Creating Characters for Your Stories

Creating minor characters in short stories and novels is often a mix of intuition and expedient puzzle construction. The plot tells you what you need the person to do whether s/he’s a maid or a butler or a car salesman, your intuition tells you about the character’s demeanor, and applying our jigsaw puzzle skills leads you to the traits (and backup research) to make the character real within the scope of his/her role.

Obviously, a character with a recurring presence throughout the novel needs more substance than a bartender who doesn’t even have a line of dialogue. It’s important, though, not to box yourself in because you may need that character later–that is s/he may slowly get a larger role in a novel or its sequels and/or may need to become more than s/he appeared to be when the reader first met them.

For example, my character Pollyanna appeared more or less as a walk-on character in book 3 (Lena) of the Florida Folk Magic Series, was enjoyable to work with as a writer, and also was a hit with readers. So, she became the main character in book 4 (Fate’s Arrows). Each time she appeared, I added depth to the character making sure the new information about her didn’t conflict with what I’d said before.

Wikipedia photo

We learned over time that she was a marine nurse at MASH units in Korea and Okinawa. We learned that when marines took karate courses in Okinawa (where Shotokan karate was developed) Pollyanna tagged along and–to the surprise of the men–became quite good at it. I used legitimate Shotokan strikes in Fate’s Arrows and that meant watching a lot of video instruction about doing them correctly.

This is one example of taking a character and adding skills or traits that weren’t necessary when s/he first appeared. In Pollyanna’s case, she was always an enigma to those who knew her, an approach to life that would later fit with her CIA association. Had she been a conservationist, woodcraft skills that weren’t required in her first scene could have been added in subsequent stories because the stage would have been set for her to develop in that way. You could say the same for many avocations or careers, as long as you didn’t box yourself in when the character first walked into the story.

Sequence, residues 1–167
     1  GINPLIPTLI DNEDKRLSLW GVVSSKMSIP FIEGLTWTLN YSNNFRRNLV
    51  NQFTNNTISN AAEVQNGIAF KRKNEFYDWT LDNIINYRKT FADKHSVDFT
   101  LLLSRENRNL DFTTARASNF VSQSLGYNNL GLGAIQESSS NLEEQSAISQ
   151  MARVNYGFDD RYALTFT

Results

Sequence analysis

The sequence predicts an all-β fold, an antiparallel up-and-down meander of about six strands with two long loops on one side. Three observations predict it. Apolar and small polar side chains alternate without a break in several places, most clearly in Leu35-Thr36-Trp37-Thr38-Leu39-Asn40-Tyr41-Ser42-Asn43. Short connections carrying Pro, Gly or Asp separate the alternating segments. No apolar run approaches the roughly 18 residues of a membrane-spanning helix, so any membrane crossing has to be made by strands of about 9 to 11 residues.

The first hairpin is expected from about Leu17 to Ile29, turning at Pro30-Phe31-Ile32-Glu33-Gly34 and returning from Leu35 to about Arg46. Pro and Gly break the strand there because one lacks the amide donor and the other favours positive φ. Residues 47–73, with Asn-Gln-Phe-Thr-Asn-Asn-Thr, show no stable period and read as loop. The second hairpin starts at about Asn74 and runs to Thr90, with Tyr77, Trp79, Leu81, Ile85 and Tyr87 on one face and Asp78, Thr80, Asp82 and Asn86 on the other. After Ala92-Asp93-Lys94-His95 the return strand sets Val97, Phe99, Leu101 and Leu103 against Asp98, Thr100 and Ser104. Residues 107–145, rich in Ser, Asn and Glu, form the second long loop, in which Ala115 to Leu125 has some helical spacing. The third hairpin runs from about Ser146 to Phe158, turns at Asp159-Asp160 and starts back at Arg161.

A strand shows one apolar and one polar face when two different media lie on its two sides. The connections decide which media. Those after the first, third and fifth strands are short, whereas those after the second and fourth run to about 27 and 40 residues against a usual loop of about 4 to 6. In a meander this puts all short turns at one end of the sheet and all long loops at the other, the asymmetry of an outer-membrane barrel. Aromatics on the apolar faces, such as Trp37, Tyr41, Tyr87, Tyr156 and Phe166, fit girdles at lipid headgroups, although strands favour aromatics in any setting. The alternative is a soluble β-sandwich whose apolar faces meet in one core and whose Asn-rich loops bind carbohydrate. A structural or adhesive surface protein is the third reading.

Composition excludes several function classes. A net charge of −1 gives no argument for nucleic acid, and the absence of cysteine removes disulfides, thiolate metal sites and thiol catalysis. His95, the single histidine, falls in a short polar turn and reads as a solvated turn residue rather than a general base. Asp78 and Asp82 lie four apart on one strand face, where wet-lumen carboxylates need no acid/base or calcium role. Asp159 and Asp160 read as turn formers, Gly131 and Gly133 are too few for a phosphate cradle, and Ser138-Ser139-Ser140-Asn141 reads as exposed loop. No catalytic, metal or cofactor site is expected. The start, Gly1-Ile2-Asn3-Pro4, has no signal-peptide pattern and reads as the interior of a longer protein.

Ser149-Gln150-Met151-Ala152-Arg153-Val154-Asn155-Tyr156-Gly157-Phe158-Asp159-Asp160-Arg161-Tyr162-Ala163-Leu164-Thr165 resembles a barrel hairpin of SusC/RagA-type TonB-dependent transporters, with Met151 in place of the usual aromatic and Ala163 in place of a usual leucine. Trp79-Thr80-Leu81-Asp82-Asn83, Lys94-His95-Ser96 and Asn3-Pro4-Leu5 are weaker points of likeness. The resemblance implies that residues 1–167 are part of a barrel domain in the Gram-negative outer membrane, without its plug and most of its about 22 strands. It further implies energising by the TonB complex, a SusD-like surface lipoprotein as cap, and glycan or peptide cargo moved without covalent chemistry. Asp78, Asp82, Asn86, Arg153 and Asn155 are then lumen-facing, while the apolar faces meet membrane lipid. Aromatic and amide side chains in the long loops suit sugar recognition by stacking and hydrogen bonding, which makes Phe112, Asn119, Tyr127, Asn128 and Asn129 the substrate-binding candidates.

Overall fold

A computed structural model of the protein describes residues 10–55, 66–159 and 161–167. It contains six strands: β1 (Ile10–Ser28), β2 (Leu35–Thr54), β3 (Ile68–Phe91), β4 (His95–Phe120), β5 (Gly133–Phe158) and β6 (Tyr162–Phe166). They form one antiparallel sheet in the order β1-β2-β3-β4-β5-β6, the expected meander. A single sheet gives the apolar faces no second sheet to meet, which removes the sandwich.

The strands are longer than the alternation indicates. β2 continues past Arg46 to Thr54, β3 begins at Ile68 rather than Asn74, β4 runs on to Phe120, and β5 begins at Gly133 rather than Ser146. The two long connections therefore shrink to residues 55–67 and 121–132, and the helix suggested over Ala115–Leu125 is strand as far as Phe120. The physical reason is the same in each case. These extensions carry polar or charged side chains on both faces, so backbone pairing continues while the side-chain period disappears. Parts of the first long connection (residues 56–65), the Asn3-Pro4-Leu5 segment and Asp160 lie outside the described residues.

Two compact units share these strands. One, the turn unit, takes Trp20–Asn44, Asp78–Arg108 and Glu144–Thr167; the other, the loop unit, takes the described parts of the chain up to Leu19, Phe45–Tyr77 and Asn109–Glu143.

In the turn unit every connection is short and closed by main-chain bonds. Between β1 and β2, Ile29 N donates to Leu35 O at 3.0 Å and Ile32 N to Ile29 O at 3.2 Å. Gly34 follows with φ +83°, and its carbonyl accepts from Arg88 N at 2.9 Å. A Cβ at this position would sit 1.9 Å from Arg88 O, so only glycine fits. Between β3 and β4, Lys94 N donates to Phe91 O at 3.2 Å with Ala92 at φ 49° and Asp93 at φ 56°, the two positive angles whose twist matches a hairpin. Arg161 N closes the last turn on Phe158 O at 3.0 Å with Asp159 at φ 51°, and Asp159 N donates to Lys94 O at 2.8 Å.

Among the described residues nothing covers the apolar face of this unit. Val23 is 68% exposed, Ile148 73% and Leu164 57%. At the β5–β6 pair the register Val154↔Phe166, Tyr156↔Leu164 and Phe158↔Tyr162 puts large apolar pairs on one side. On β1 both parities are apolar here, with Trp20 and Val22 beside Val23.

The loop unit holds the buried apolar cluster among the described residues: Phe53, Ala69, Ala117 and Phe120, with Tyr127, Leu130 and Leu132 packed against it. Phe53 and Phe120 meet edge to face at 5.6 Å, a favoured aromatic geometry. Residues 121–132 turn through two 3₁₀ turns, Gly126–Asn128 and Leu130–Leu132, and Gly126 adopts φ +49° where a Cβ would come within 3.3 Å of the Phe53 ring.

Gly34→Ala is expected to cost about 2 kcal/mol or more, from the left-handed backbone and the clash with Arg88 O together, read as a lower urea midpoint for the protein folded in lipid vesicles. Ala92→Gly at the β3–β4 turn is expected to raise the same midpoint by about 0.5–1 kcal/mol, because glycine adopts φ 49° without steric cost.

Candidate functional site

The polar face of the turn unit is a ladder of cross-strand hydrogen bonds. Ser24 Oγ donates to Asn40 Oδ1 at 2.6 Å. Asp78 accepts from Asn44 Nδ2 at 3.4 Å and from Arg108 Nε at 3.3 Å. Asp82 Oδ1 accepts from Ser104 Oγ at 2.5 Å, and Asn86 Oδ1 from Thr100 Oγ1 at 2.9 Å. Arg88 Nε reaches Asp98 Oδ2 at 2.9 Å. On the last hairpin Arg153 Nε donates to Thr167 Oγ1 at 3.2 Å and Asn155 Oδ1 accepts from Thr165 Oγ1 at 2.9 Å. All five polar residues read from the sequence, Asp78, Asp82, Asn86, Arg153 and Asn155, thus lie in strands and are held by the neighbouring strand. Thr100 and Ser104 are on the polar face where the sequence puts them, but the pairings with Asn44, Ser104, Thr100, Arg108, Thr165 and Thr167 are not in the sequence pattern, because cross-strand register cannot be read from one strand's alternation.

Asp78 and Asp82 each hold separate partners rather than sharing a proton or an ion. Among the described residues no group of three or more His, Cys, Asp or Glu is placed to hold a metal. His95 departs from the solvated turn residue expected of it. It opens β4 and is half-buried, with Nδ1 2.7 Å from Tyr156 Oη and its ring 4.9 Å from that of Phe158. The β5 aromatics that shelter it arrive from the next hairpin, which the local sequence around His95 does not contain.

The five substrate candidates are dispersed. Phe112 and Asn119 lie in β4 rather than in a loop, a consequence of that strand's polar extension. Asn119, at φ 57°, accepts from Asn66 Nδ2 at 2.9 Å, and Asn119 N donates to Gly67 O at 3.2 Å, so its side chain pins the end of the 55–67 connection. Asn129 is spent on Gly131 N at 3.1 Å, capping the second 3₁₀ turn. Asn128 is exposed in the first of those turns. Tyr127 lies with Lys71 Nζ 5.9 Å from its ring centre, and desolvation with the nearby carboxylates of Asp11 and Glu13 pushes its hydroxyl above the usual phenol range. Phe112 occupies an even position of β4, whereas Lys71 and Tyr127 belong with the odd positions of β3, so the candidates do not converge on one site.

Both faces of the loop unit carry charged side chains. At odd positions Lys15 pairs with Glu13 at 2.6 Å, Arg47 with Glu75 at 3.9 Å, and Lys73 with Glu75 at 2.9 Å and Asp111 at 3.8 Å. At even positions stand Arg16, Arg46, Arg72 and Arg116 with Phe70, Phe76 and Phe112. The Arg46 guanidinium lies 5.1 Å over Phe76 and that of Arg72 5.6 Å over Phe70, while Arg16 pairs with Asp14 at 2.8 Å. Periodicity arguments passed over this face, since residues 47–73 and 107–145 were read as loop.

Or, if you plan everything, then you might have created that walk-on character one way or another, knowing that you were going to use him or her in multiple sequels. That’s too tedious for me, but a lot of writers like getting everything nailed down before they begin writing.

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Now, in my novel-in-progress, Pollyanna is again the main character and I am building her style and way of life by introducing the reader to the concepts behind Karate that would have been overkill in her first or second appearance. She has a Zen approach to life. That fits with Karate. So now I can add the concept of Bushido (a moral code) as well as the general precepts of Shotokan developed by Gichin Funakoshi that stress a unity of mind and body. That Pollyanna adheres to these approaches to life, not only explains why she does what she does, but makes her come across as a character of a lot of depth.